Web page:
With more than 60% of borrowing fees, the soaring of famous plant-based meat manufacturer, Beyond Met, slows down as the borrowing fee prevents short sellers from adding the company’s stock.
Following the initial trading of the company, shares soared as short sellers were too quick to bet against the shares, but short activity has slowed down more recently, partly because Beyond Meat’s stocks are now too expensive to borrow.
Beyond Meat shares BYND, +13.37%, now carry a stock-borrow rate of about 68%, according to data from S3 Partners, a financial technology and analytics firm, making it so would-be short sellers would have trouble achieving a reasonable return on their investments after taking into account the borrowing cost.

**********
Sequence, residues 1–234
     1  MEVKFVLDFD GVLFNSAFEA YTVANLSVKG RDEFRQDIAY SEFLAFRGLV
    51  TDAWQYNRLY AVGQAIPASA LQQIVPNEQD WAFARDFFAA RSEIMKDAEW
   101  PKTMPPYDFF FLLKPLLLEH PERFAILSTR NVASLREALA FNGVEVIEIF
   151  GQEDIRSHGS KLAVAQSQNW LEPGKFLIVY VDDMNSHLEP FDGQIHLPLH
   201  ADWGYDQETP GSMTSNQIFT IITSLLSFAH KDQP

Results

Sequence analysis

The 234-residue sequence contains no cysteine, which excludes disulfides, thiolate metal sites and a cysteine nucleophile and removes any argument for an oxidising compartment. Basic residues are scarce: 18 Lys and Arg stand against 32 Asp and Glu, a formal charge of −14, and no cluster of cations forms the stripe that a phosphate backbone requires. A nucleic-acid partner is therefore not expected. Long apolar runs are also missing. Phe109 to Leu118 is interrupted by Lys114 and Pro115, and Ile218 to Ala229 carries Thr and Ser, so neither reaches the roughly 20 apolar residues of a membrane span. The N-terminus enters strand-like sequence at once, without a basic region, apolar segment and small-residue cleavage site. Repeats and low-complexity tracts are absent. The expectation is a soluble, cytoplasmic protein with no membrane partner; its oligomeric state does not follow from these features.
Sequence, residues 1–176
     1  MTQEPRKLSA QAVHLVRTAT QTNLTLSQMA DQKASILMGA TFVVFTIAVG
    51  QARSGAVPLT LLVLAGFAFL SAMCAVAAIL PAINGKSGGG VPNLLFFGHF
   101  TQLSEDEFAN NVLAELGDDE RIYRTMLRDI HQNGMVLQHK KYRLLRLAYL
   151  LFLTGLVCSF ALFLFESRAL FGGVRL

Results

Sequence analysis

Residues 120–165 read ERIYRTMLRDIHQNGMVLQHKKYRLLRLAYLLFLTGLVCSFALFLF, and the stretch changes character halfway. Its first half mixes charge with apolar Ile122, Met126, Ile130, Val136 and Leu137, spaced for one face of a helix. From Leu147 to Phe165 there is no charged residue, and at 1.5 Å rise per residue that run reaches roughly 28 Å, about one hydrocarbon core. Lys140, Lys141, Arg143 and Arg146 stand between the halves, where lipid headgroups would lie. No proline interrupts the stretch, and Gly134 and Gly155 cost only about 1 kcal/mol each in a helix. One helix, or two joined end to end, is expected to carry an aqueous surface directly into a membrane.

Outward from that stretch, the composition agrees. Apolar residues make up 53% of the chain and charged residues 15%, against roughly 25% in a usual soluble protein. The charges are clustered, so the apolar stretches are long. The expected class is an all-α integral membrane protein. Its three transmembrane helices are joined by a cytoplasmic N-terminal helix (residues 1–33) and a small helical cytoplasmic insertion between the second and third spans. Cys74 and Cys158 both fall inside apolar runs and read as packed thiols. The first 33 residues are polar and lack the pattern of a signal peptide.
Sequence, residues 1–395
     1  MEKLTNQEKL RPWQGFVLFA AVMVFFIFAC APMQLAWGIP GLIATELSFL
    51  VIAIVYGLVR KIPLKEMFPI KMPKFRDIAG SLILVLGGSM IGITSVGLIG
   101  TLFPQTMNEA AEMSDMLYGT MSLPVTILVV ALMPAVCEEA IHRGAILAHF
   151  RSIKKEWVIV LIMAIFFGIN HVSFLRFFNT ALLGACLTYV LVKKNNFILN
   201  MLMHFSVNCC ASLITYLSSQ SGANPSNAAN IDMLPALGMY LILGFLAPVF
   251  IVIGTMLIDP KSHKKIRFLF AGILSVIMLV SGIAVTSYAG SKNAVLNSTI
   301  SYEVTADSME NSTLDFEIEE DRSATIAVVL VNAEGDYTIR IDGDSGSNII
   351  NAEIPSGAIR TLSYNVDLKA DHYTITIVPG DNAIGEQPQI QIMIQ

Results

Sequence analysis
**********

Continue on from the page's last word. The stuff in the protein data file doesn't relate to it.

With a borrowing rate of 68%, Beyond Meat is the most expensive stock to short of all U.S. stocks with over $100 million in short interest, Ihor Dusaniwsky, managing director at S3, told MarketWatch.
“With much of its stock held by internal holders or in non-lending retail hands, coupled with a relatively small float, there is little hope of a significant amount of stock landing in lending programs until its 180-day lockups expire on Oct. 29,” Dusaniwsky said.
14th-largest short interest in the food-products sector, recently crossing the $500-million threshold, but its “quick rise up the league tables” has been slowed down by the high borrowing costs, Dusaniwsky added.
Shorts have seen mark-to-market losses of 20% on their short bets since the IPO. Beyond Meat’s stock is currently up nearly 300% from its IPO price of $25.
“If Beyond Meat’s stock price moves to the upper end of the range, we would expect a short squeeze in the stock as the increased mark-to-market losses coupled with high stock borrow rates would be a one-two punch most short sellers would find hard to stomach,” Dusaniwsky wrote.